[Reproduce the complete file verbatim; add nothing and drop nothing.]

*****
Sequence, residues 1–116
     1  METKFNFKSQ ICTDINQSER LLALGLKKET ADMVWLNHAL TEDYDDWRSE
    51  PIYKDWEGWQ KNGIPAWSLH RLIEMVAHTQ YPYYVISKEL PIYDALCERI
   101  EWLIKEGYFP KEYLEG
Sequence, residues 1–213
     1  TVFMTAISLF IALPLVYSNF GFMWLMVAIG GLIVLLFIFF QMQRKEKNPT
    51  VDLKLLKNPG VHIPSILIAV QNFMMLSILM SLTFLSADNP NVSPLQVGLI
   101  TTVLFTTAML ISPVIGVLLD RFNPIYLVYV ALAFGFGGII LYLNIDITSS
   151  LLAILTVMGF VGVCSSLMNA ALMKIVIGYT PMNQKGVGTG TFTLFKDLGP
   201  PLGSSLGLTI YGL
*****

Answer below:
Sequence, residues 1–116
     1  METKFNFKSQ ICTDINQSER LLALGLKKET ADMVWLNHAL TEDYDDWRSE
    51  PIYKDWEGWQ KNGIPAWSLH RLIEMVAHTQ YPYYVISKEL PIYDALCERI
   101  EWLIKEGYFP KEYLEG
Sequence, residues 1–213
     1  TVFMTAISLF IALPLVYSNF GFMWLMVAIG GLIVLLFIFF QMQRKEKNPT
    51  VDLKLLKNPG VHIPSILIAV QNFMMLSILM SLTFLSADNP NVSPLQVGLI
   101  TTVLFTTAML ISPVIGVLLD RFNPIYLVYV ALAFGFGGII LYLNIDITSS
   151  LLAILTVMGF VGVCSSLMNA ALMKIVIGYT PMNQKGVGTG TFTLFKDLGP
   201  PLGSSLGLTI YGL